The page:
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Trump is a hot topic in California's race for governor, but not in a good way

Donald Trump at the California Republican Party convention in Burlingame in April. (Jay L. Clendenin / Los Angeles Times)
Donald Trump at the California Republican Party convention in Burlingame in April. (Jay L. Clendenin / Los Angeles Times)

One of the most talked about politicians in California’s 2018 governor’s campaign isn’t even running.

Rarely does a day go by when Republican President Donald Trump isn’t used as a political piñata by one of the top Democrats in the race.

Lt. Gov. Gavin Newsom took some jabs Tuesday when he addressed the California Legislature before Gov. Jerry Brown's annual State of the State speech. Newsom mocked the Trump administration for its reliance on “alternative facts" — a phrase used by a Trump senior advisor when defending inflated inauguration crowd figures — and took a subtle shot at the president’s comment about “American carnage” in the nation’s cities.

On Monday, state Treasurer John Chiang criticized Trump for doubting the scientific evidence of climate change.

“President Trump may believe global warming was created by and for the Chinese in order to make U.S. manufacturing noncompetitive,’’ Chiang said. “We Californians stand with the scientific community and the 195 nations that have declared climate change is an urgent and potentially irreversible threat to human societies and the planet.”

When Antonio Villaraigosa announced his bid for governor right after the general election, the former Los Angeles mayor was sure to include a dig at Trump.

“I’m running because I think the answer to the divisiveness we see in the country right now is unity, and the answer to fear is hope,” he said.

Last May, Villaraigosa compared Trump to segregationist George Wallace.

California's former superintendent of public instruction, Delaine Eastin, last week ripped Trump for nominating Betsy DeVos for Education secretary. Eastin said DeVos, a charter school advocate and Republican fundraiser from Michigan, was a threat to public education in the country.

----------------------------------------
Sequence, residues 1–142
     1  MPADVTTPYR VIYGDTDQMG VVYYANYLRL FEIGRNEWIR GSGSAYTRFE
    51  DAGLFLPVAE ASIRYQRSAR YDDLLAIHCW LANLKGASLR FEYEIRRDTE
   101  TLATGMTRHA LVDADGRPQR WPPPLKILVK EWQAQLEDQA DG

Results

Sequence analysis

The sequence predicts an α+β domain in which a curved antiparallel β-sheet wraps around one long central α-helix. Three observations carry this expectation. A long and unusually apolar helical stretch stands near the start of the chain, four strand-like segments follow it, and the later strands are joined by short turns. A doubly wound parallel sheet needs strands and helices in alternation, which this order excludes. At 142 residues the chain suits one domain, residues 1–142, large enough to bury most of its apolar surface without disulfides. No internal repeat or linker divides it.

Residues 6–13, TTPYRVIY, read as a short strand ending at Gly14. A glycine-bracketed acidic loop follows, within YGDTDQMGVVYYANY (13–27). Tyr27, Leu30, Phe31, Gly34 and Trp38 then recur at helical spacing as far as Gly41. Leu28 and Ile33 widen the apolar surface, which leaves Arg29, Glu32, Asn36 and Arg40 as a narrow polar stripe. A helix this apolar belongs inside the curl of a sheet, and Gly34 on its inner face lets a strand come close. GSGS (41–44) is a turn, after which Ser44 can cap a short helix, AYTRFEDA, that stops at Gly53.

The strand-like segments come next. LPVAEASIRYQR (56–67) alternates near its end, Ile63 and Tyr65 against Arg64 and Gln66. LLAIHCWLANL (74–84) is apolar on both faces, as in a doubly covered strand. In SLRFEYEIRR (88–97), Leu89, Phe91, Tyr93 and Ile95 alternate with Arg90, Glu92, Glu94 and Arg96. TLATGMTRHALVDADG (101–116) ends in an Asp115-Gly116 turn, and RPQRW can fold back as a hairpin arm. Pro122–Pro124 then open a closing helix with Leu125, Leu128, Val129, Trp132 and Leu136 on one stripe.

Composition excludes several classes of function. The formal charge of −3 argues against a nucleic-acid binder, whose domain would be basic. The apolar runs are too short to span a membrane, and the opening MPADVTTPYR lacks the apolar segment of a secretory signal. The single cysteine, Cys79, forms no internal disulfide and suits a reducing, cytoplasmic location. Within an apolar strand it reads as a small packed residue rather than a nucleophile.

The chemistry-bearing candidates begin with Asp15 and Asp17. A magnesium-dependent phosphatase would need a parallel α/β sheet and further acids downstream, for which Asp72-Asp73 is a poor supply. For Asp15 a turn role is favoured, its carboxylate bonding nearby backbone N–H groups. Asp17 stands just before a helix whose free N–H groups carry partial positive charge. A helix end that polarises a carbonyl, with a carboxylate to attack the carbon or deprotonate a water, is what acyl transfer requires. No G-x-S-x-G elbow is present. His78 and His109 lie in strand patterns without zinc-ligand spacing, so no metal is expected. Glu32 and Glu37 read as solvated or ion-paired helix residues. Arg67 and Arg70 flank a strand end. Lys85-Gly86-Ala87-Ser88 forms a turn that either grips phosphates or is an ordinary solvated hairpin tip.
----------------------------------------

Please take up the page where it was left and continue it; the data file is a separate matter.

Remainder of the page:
In speeches, in fundraising emails, in tweets and Facebook posts, the Democrats have liberally excoriated Trump while largely avoiding lobbing any criticism at one another. It's a safe and easy tactic that appeals to a sizeable majority of voters in left-leaning California.

In the November election, Trump was trounced by Democratic presidential nominee Hillary Clinton in California — losing to her by more than 4.2 million votes.

San Diego Mayor Kevin Faulconer, a Republican being urged to run by fellow party members, has also rebuked Trump in the past.

In May, Faulconer said he rejected Trump's “divisive rhetoric” about women and immigrants. Faulconer was absent at Trump’s inauguration and skipped a Trump campaign rally in San Diego last spring.

For any Republican to have a legitimate shot in the governor's race, or any statewide election, the more distance they put between themselves and Trump the better, said GOP political consultant Rob Stutzman.

"It's important that you’re not on the record gushing about Trump," Stutzman said.

3:30 p.m.: This story was updated to correct the title of Delaine Eastin. She is a former state superintendent of public instruction.

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